Not All Work Stress is Created Equal: The Difference Between Vicarious Trauma, Secondary Traumatic Stress, Burnout, and Compassion Fatigue
For those in the helping professions, it is important to understand that helpers can be affected by exposure to others’ stress and traumas. Further, it is important to understand the different ways in which helpers can be affected.
Vicarious trauma refers to the change in one’s worldview and core beliefs that can result from exposure to another person’s traumatic story. Secondary traumatic stress refers to a set of symptoms that mirror the symptoms of post traumatic stress disorder that can result from this type of exposure.
Burnout can occur when chronic perceived work demands outweigh perceived resources, and is characterized by emotional and physical exhaustion, depersonalization, and feelings of ineffectiveness.
Compassion fatigue refers to the natural behavior and emotions resulting from knowing about a traumatic event experienced by another human being and is referred to as the “cost of caring.” It can result in a gradual disconnect to one’s empathy, hope, and compassion.
While all of these types of stress are harmful to one’s work, it is important to understand that the constructs can behave in different ways, as suggested by comparing the following two research studies on secondary traumatic stress and burnout.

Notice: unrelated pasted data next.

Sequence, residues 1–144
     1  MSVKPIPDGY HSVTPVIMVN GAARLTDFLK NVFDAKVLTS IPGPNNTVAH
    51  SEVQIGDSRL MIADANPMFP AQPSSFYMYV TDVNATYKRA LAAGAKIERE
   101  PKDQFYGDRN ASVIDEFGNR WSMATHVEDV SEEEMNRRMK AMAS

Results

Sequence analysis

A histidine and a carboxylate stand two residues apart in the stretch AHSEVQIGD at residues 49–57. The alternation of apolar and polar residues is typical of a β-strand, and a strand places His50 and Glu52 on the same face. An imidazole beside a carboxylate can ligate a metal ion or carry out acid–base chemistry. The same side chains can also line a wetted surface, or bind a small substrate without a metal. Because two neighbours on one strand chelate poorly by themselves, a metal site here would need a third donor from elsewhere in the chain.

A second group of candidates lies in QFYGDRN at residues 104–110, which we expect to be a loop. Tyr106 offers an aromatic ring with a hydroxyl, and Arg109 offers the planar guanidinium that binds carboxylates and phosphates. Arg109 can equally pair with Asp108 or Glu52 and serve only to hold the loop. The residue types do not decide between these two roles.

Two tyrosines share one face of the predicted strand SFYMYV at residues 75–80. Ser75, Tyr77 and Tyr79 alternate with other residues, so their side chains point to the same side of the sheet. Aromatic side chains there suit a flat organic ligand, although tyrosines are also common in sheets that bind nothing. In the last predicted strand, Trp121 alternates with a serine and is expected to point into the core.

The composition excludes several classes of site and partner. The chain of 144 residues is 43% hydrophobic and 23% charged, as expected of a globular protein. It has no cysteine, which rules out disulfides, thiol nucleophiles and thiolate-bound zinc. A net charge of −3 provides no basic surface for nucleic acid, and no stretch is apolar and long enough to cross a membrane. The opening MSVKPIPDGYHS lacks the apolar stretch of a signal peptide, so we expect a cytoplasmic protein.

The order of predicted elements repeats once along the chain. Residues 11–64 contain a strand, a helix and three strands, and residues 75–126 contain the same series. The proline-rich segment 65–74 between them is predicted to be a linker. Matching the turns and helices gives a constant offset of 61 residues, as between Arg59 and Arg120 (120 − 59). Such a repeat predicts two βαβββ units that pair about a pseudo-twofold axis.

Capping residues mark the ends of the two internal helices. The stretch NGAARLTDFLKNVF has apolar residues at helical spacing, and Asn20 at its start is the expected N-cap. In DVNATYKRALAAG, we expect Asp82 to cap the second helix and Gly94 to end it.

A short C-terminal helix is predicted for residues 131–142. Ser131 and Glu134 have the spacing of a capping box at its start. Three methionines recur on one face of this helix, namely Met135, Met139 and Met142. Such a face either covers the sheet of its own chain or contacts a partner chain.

Bober and Regehr (2006) studied 259 mental health therapists, and found a negative correlation between the therapist’s age and secondary traumatic stress symptoms. They found a positive correlation between secondary traumatic stress symptoms and time spent counseling trauma survivors.
Galek et al (2011) examined secondary traumatic stress and burnout in 331 professional chaplains, and found similar results regarding secondary traumatic stress. Interestingly, the trends for burnout did not match those of the secondary traumatic stress. An increase in the number of years in the profession did not correlate with increases in secondary traumatic stress, but there was a positive correlation between years in the profession and burnout. Just as Bober and Regehr found, as the number of hours spent counseling patients with traumatic experiences increased, secondary traumatic stress increased. However, the amount of hours spent listening to traumatic material did not affect burnout levels.
Vicarious trauma, secondary traumatic stress, burnout, and compassion fatigue are all detrimental to the work done in the helping professions. However, it is important to understand their differences. For example, if a trauma counselor exhibits symptoms of burnout, it may not help to limit the exposure to traumatic material, but rather, it may be helpful to examine the amount of the counselor’s overall workload.
Armed with the understanding that these types of stress exist, those in the helping professions can examine the degree to which their work affects them. Armed with the knowledge that these constructs can behave differently, helpers can work to reduce these types of stress more effectively.